Fashion, Kuel Category Expert: Angie Weihs
What if women ruled the world?
Dior’s runways, both for Spring/Summer and Fall/Winter, show us that fashion and feminism can be visionary sisters; warrioresses for the same ideals and protectresses of our planet. Like the collaboration of Dior’s first female artistic director and 70s child Maria Grazia Chiuri with feminist artist Judy Chicago, our outfits collaborate with our souls. They want us to be messengers of our truth.
Fashion Is Political
“When we walk in boots of our personal truth other women will follow.”
Chiuri’s fashion shows are as much art as a manicured fist for change. Fashion is political. It’s not just her, the Zeitgeist of “metoo” and BLM demands other designers to step up and support women’s desires for equal opportunity, equality, and diversification.
Off the runways we demonstrate our mindsets every day, and when we do so deliberately, our style contributes to our confidence and clarity. And encourages change. When we walk in boots of our personal truth other women will follow. Fashion empowers. Outfits talk.
Goddesses In Summer
For Dior’s summer collection, Chiuri drew her inspiration from classical depictions of goddesses; symbolic for aligning the beauty of body and mind. There was an abundance of flowing fabric and royal gold but also flower power and fringes; the Bohemian intensity of the 70s. The fall/winter show celebrated Boho spirit again with shredded fringe dresses and luxe velvet suiting. Ying and yang came together in the toughening of the female and the softening of the male.
(also see: Fringe galore at Prada, Fendi, and Jason Wu’s Fall/Winter 2020 collections)
Chiuri asserted herself as an unconventional thinker in the 70s, so did I. I embraced both, the androgynous Twiggy style and the wild dresses and quirky harem pants we sewed in my feminist theatre group. Lighthearted feathers and rich jewelry tingled, rattled, and hummed when we swung our hips or strutted in our fierce bare feet or in cowgirl boots, and artful sandals.
“Boho reminds us of ancient and contemporary wild women”
Wearing Boho reminds us of ancient and contemporary wild women and shapes a feeling of community and togetherness; it’s a visual of “make love, not war” and a No to “normal.”
Bohemianism was and still is about much more than just frightening saturated societies; it was a culture immersed in philosophy, spirituality, mythology and rebellion, of artists of all kinds, painters, writers, actors, musicians, dancers and their friends. They typically lead a free, vagabond-ish life, literally and in spirit.
Resurrecting The Hippie
The innocence of hippie love and the passion to broaden minds of the 60s and 70s is worth resurrecting. It was revived in the 90s, when esoteric spirituality was flourishing and boundaries of mainstream reality were pushed. Maybe now, another 30 years later in 2020, we are challenged to do both; to investigate what’s true, individually and global, and to transform our mistakes with a spiritual rebellion.
Boho outfits have a fascinating history and provide endless tales. There is a different Boho shade for every woman; adventurer, gypsy, nature goddess, mystic or sophisticated sensual French saloniere. All are confidently relaxed yet exuberant styles. Swinging fabrics, unusual accessories and multi layered jewelry create a powerful mishmash of elements perfect for fierce midlife women who are done with ageist assumptions.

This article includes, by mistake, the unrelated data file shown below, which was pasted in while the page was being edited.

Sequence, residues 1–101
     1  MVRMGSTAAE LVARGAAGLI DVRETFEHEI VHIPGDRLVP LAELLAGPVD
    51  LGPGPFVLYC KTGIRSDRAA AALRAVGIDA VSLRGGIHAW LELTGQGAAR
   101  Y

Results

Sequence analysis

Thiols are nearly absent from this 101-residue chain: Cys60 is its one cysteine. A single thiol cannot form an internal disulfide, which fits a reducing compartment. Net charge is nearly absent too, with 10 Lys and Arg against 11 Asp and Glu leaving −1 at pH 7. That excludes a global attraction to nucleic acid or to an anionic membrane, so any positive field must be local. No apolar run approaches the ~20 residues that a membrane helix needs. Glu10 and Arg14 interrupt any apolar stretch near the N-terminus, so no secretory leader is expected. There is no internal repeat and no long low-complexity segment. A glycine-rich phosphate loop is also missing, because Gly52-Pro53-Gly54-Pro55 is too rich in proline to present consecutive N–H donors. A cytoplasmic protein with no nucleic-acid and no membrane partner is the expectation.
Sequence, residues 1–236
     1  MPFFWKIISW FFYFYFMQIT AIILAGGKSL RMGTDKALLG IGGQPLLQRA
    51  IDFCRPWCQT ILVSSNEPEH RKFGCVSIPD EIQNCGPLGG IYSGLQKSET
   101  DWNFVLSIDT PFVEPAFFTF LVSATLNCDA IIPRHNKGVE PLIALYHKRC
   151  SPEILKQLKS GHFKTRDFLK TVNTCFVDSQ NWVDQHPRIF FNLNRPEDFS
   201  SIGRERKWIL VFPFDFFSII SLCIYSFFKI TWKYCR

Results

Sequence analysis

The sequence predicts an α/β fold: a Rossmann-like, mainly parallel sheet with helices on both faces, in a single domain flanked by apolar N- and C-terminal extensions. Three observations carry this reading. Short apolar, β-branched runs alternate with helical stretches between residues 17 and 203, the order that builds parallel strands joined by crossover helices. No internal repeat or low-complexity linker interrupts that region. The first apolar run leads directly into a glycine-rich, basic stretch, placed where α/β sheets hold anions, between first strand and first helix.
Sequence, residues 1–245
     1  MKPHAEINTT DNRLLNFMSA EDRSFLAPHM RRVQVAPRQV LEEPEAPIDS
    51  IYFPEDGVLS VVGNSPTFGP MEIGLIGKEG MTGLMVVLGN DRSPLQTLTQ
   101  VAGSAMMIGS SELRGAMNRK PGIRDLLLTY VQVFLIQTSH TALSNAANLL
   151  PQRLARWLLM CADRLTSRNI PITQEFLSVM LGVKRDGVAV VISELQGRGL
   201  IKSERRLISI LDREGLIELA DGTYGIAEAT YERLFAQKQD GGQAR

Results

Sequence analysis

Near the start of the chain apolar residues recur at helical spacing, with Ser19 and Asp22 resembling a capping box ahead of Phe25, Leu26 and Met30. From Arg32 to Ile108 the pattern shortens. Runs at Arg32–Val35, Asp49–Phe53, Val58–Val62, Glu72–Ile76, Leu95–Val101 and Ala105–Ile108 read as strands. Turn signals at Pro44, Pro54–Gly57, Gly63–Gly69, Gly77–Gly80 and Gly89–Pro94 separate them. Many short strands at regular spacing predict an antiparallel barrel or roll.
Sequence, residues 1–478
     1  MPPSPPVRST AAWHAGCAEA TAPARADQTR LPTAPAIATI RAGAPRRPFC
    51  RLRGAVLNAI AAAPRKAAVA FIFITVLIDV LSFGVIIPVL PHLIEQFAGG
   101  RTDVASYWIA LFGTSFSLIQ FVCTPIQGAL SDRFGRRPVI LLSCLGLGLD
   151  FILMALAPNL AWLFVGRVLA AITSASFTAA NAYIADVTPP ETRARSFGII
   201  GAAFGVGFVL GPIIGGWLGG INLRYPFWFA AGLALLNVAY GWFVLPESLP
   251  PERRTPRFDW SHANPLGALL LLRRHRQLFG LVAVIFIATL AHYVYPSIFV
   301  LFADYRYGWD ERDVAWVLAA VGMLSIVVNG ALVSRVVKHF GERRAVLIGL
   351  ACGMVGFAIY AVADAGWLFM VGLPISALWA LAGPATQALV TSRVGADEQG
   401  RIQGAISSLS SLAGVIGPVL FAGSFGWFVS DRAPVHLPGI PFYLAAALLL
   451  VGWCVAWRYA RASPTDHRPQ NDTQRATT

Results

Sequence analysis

With Boho We Can Claim Our Power
Boho is a means to claim our power, to sum up our experiences and express our feminine wisdom in our outfits.
What if women ruled the world? What if we start right now to take a social stance against everything from materialism to society’s constraints and support like-minded women, artists and small businesses? Boykott corporations, which destroy the planet? Starting with our daily life and let our outfits call out our message? A Boho dress is not the revolution, but it carries a free spirited vibe that wakes up strength.
The Rebel Me
I was rebellious in the 70s and spiritually new-aged in the 90s when I read “The bringers of the Dawn.” It was the decade when “Women who run with wolves” and “When the drummers were women,” inspired me to dance to Afro-Haitian drums with hundreds of women In Santa Fe. We wore ethnic sarongs, rhinestone adorned bras, belly dancer’s necklaces, bracelets and charm anklets on our bare feet.
When I recently swirled in my boho dresses, I felt it; I had not only revived my 70s rebel but the childlike belief that love all around me and change is possible. I had learned to listen to my outfits, which became messages from my soul.
She said, “You are eccentric, rebellious, untamed; be the woman with the Gypsy spirit.
“Do I have to wear a babushka bandana?”
I never likes those neither in the 70s not in the 90s.
An Ageless Gypsy
What do you think? Will I buy the camper and live the vagabond-ish life of a free-spirited, ageless woman who will not celebrate her 70s birthday in 2021; who will be her ageless Gypsy self?
Gosh, I love the eye-opening magic of Boho outfits. I hope you feel inspired to swirl in yours.
About the Author:
Angie Weihs is a fashion forward Instagram influencer. In nearly three years of outfit explorations, fashion evolved as a tool for awareness and empowerment. Women who embarked on a styling journey with her found confidence by discovering their ”real.”
Her upcoming memoir, “Maybe you should wear pink,” lets outfits talk and shows how to wear our souls on our sleeves so that the Universe can have our back. Reinventing ourselves during a worldwide pandemic is an unprecedented challenge. Angie’s goal is to let our style help us rethink, redefine, and re-feel our lives. And, provide the clarity and power we need to reinvent a broken world. You can follow Angie on Instagram at agelessrebelmagic.